When she parked her truck on the school lot, she was relieved that she did not stand out very much. Bella thought, “I was glad to see that most of the cars were older like mine, nothing flashy” (Meyer 14). Also, her clear and pale skin was not entirely unique in Forks High School. She noted upon seeing two girls enter the classroom, “At least my skin wouldn’t be a stand-out here” (Meyer 15). In addition, there were particular people who also shared similarities with Bella. Angela, her Biology II classmate, was just as meek as her (Meyer 23). Mike Newton, who also shared Biology with her, understood her fondness for the heat.

Bella said, “He’d lived in California till he was ten, so he knew how I felt about the sun” (Meyer 25). However, if there was one individual that Bella could relate to, it was Edward Cullen. Edward was an outcast in Forks just like her. The difference of their outcast status lies in his nature. Spires asserts that “what this novel is really about is a fatal attraction to someone or something dangerously different from yourself. ” Edward is indeed very different and dangerous not only to Bella, but to the rest of the Forks townspeople. He is a vampire, and that very fact makes him an outsider in a community of humans.

Edward is an outcast, yet he is not the only one of his kind in Forks. He is surrounded by his fellow vampires, which he considers as family. His siblings Rosalie, Emmett, Alice and Jasper attend the same school, so Edward does not stick out in the crowd like a lonely outsider. However, staying together does not make them fit in easily with the rest of the student body. According to Spires, what Bella sees on the first day of school are “five devastatingly beautiful people in the lunchroom who don’t seem to be mingling with the rest of the kids. ” Instead, it only made them a family of outcasts.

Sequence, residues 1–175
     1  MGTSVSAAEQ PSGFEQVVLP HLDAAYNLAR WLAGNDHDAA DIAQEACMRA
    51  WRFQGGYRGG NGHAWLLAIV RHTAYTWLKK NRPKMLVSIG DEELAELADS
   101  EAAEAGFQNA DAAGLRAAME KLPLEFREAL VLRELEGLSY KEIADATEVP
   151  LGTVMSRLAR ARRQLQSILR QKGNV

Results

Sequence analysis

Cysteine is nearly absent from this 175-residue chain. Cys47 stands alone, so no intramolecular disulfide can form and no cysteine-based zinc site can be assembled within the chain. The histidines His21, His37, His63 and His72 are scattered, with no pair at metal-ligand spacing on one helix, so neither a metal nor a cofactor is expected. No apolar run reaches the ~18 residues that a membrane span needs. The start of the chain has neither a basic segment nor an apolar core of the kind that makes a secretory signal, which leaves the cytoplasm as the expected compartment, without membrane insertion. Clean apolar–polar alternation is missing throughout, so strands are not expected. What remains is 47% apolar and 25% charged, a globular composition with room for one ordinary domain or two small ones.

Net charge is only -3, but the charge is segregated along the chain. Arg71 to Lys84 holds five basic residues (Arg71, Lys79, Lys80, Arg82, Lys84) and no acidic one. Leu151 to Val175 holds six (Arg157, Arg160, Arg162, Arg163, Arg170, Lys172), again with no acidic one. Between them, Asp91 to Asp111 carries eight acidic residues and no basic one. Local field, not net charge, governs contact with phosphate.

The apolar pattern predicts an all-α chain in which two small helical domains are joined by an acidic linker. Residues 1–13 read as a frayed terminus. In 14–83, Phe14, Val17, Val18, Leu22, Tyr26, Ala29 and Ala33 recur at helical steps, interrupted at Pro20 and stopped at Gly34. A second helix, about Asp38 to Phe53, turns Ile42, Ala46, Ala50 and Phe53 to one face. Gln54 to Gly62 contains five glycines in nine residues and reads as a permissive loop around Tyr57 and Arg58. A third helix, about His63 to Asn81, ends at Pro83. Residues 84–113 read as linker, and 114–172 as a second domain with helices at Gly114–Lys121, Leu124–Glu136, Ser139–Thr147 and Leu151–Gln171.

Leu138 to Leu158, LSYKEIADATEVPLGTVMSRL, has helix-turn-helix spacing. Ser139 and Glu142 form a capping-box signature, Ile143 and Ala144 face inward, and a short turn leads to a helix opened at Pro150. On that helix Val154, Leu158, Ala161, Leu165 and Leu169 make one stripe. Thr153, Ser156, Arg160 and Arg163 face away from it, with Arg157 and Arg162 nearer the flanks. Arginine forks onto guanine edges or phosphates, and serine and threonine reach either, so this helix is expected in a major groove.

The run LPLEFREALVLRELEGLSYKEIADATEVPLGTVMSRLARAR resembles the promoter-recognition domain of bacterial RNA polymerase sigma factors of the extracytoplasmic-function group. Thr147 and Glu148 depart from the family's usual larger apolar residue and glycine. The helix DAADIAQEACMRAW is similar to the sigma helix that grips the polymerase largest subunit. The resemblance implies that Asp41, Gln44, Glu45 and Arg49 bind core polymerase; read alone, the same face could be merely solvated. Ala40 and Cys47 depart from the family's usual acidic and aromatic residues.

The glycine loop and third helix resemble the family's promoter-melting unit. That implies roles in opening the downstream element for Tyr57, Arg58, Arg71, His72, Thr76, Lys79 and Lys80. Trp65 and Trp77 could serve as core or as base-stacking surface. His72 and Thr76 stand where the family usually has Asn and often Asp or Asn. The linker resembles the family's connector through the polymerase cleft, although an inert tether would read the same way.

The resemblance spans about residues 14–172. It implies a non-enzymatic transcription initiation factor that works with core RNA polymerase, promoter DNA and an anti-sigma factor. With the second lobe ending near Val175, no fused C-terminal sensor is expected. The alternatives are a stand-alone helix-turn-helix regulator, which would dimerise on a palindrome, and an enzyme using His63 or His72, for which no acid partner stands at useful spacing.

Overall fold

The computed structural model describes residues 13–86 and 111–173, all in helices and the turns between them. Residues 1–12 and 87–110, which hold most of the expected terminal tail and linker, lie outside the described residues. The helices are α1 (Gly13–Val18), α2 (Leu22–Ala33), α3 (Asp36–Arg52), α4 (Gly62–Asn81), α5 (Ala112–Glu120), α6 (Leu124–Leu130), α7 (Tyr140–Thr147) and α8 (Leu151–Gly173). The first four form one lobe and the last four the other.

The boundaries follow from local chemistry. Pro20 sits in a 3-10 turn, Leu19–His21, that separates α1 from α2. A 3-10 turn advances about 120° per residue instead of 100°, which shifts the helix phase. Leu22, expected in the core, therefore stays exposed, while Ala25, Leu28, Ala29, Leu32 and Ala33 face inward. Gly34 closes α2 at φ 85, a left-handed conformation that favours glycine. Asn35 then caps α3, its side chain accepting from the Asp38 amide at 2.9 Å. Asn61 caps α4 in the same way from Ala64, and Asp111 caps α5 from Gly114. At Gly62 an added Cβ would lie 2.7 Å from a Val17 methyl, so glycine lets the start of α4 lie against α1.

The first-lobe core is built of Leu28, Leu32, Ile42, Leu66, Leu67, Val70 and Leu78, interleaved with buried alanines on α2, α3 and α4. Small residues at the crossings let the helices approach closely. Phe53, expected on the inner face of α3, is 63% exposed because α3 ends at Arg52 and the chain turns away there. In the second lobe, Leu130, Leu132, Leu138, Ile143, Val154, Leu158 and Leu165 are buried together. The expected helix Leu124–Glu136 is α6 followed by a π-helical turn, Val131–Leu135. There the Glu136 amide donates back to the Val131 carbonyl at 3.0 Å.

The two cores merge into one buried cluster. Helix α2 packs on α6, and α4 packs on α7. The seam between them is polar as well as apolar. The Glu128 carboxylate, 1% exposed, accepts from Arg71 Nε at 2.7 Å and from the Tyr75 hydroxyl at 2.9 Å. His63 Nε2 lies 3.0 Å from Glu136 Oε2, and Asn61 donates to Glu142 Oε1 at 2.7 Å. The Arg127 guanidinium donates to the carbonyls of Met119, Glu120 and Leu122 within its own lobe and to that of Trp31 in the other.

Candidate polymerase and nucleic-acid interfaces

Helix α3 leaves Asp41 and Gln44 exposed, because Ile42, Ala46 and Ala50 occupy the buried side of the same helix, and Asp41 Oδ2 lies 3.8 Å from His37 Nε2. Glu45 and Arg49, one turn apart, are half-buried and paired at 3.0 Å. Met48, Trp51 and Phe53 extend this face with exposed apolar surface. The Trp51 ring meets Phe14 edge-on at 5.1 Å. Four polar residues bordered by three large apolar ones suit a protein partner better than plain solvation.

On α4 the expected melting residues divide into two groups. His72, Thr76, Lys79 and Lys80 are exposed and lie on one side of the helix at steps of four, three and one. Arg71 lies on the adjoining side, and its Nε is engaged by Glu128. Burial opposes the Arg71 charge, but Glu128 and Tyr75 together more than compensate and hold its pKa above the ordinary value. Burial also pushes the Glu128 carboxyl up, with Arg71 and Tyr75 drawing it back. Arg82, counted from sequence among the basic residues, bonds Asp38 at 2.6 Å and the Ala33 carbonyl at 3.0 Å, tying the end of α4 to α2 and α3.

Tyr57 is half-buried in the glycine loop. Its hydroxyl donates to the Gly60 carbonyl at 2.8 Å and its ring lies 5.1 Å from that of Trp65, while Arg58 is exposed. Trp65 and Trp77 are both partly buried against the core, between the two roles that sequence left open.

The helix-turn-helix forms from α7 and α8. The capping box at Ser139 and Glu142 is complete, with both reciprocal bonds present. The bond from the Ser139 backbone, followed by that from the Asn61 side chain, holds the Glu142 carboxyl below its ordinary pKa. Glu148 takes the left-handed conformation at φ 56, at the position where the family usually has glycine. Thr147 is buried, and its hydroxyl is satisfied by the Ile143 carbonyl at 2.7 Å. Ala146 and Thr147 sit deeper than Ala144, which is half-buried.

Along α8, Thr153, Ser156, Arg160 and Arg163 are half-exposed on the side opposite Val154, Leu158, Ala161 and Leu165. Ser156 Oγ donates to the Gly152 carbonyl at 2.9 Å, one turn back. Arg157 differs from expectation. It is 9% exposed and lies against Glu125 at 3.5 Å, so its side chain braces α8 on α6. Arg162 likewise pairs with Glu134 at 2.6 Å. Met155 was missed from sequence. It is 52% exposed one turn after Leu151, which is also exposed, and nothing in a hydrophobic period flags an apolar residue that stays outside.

To begin with, Edward and the rest of the Cullen kids were outcasts in the town of Forks because of their appearance. They were vampires, so obviously they would not look the same way as ordinary humans do. In the novel, the Cullens were described as being “chalky pale,” “had dark shadows under those eyes,” and “all devastatingly, inhumanly beautiful” (Meyer 18-19). Based on these descriptions alone, it is clear that their physical features already made them very different from the rest of the students. Their appearances hint that they are creatures of a different kind.